Abraham Lincoln

Abraham Lincoln

 

I was four years old when my dad told me, “Before you say something, you have to think of how it will make people feel when you say it.” It was good advice and I call it the Think/Say filter. Essentially, there are things we think and things we say and that it’s not always a good idea to say out loud the things we’re thinking.

We can’t help what we think about people or things, but the decision to share our thoughts with others in a conscious choice. Now, we might employ the Think/Say filter to avoid hurting others either with a comment about their beauty (or lack thereof) or their intelligence (or lack thereof) or their taste. Or it might be that we have an opinion that could be considered unpopular or just plain wrong. We might not be absolutely sure of our facts, for example. The quote up there sums this up quite neatly I think.

There are people who don’t seem to understand the concept of the Think/Say filter. It might be because they genuinely don’t understand there import of their words or it could be that they come from a more direct culture. You know how the Dutch don’t ever close their curtains? I know Germans and Swedes for whom saying exactly what one means, honestly, is paramount and some of the things they say don’t go down well in a culture accustomed to hyper-politesse and tact.

Some people, however, seem to revel in “telling it like it is.” They can be as rude or inconsiderate or hurtful as they like under the pretext of straightforwardness or, even, integrity. Such people can wreak havoc on people around them, sometimes unwittingly, sometimes glorying in their no filter straight talk. They’re not banged to rights when they’re surrounded by those who value diplomacy, so they seem to get away with all sorts of things while the people around them shrug their shoulders and say “Oh, that’s just them.”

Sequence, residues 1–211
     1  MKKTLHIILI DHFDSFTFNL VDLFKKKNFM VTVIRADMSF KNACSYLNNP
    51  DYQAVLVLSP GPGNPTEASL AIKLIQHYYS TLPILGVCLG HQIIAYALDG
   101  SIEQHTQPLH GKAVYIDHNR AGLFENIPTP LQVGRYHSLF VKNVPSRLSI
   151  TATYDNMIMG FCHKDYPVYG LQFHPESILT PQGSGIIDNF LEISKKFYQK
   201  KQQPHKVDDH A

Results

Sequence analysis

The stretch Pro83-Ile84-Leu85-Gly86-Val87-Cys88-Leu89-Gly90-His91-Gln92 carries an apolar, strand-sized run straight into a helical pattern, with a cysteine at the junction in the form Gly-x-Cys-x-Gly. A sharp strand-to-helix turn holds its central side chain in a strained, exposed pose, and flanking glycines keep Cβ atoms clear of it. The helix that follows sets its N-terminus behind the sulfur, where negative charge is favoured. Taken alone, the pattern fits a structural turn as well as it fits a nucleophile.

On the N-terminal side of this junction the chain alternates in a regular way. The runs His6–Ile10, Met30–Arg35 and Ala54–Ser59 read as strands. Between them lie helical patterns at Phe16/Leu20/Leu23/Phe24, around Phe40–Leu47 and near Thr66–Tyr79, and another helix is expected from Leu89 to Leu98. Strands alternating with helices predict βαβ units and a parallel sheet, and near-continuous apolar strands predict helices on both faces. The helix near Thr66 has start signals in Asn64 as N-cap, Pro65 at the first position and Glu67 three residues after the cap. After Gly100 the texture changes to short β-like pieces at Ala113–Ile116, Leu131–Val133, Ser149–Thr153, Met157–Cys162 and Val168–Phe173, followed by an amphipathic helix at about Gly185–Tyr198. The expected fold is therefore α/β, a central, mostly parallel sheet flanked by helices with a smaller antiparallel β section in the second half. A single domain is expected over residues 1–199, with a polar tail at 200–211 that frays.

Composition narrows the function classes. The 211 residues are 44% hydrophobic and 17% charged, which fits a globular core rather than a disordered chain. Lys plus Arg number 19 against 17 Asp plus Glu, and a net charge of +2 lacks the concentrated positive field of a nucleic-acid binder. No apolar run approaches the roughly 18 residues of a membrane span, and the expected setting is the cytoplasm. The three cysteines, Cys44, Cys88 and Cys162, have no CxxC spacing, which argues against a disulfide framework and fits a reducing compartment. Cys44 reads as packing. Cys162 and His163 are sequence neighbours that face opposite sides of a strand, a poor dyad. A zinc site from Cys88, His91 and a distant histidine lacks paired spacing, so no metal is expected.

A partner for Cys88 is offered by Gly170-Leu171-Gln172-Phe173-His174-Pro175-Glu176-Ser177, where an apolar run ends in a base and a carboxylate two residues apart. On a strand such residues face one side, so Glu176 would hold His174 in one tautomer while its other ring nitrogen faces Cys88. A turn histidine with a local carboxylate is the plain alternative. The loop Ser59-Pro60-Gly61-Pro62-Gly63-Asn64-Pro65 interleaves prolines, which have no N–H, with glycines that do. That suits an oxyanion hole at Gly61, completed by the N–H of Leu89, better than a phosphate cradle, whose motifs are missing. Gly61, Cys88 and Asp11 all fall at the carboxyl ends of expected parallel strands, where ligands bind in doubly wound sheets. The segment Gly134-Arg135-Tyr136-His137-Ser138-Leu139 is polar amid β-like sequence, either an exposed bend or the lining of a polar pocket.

Generallly, I have a pretty strong Think/Say filter. I wouldn’t ever go out of my way to offend someone, of course, and it’s a good habit to practise. But sometimes, just sometimes, I long to be rid of it. Especially with those people who don’t have a filter.

What do you think would happen if we stopped using our filters?

“That’s a really uninformed thing to say and it’s made you look stupid.”

“Yes, your bum does look big in that but it’s not the skirt. It’s because your bum is big.”

“I wish you’d stop going on about your blessed child prodigy. We’ve all been there and done that already. Do you really think that you’re that special?”

“This soup is lumpy and cold. Your food is never nice. Have you ever tried actually reading that recipe?

“Your idealism wouldn’t work for anyone outside that bubble of yours but you’re too removed from reality to understand that.”

“I’m fed up with your rude behaviour towards me and I’m only here for the sake of appearances.”

“Your breath stinks and you’re dreadfully dull.”

“You’re an awful driver and I’m both embarrassed and afraid to get in the car with you.”

“Your inability to dance betrays completely your lack of prowess between the sheets”

Well, perhaps not. I could go on, but I shan’t. I wonder what life would be like if everyone dropped their Think/Say filter. Would a completely honest world be a better one?

Personally I prefer a little finesse, a little charm, in people’s dealings with me but too much oleaginousness and my Think/Say filter detects disingenuousness and I stop believing people.

Should we all just say what we think? If we don’t does that make us hypocrites or liars? Are courtesy and manners modesty screens for a personality that’s too cowardly to tell the truth?

I don’t know. What do you think?